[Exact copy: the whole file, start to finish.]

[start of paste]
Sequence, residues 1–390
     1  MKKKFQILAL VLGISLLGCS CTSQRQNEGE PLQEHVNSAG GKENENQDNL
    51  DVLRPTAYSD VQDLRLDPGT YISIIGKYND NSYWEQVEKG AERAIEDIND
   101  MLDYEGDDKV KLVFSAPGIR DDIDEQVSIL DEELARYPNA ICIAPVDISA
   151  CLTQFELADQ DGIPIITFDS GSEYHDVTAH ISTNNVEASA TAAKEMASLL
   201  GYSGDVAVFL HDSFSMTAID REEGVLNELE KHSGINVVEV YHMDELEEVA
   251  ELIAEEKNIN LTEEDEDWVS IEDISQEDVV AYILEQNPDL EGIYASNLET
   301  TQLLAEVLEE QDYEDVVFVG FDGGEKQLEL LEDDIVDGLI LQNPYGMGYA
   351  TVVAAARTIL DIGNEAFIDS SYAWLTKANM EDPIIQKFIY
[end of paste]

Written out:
Sequence, residues 1–390
     1  MKKKFQILAL VLGISLLGCS CTSQRQNEGE PLQEHVNSAG GKENENQDNL
    51  DVLRPTAYSD VQDLRLDPGT YISIIGKYND NSYWEQVEKG AERAIEDIND
   101  MLDYEGDDKV KLVFSAPGIR DDIDEQVSIL DEELARYPNA ICIAPVDISA
   151  CLTQFELADQ DGIPIITFDS GSEYHDVTAH ISTNNVEASA TAAKEMASLL
   201  GYSGDVAVFL HDSFSMTAID REEGVLNELE KHSGINVVEV YHMDELEEVA
   251  ELIAEEKNIN LTEEDEDWVS IEDISQEDVV AYILEQNPDL EGIYASNLET
   301  TQLLAEVLEE QDYEDVVFVG FDGGEKQLEL LEDDIVDGLI LQNPYGMGYA
   351  TVVAAARTIL DIGNEAFIDS SYAWLTKANM EDPIIQKFIY